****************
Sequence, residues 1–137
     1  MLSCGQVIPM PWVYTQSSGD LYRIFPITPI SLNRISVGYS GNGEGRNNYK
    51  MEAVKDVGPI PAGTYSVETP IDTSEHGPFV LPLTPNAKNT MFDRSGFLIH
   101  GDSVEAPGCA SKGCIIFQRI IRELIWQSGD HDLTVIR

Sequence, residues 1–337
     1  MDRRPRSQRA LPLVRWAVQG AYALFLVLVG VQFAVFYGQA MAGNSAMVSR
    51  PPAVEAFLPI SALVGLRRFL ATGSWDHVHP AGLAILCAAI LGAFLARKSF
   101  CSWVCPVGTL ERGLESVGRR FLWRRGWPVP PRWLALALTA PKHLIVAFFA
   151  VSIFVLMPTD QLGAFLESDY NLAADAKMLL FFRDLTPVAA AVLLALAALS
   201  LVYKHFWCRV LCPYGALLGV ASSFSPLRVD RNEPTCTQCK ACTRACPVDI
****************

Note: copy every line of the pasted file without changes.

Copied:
Sequence, residues 1–137
     1  MLSCGQVIPM PWVYTQSSGD LYRIFPITPI SLNRISVGYS GNGEGRNNYK
    51  MEAVKDVGPI PAGTYSVETP IDTSEHGPFV LPLTPNAKNT MFDRSGFLIH
   101  GDSVEAPGCA SKGCIIFQRI IRELIWQSGD HDLTVIR

Sequence, residues 1–337
     1  MDRRPRSQRA LPLVRWAVQG AYALFLVLVG VQFAVFYGQA MAGNSAMVSR
    51  PPAVEAFLPI SALVGLRRFL ATGSWDHVHP AGLAILCAAI LGAFLARKSF
   101  CSWVCPVGTL ERGLESVGRR FLWRRGWPVP PRWLALALTA PKHLIVAFFA
   151  VSIFVLMPTD QLGAFLESDY NLAADAKMLL FFRDLTPVAA AVLLALAALS
   201  LVYKHFWCRV LCPYGALLGV ASSFSPLRVD RNEPTCTQCK ACTRACPVDI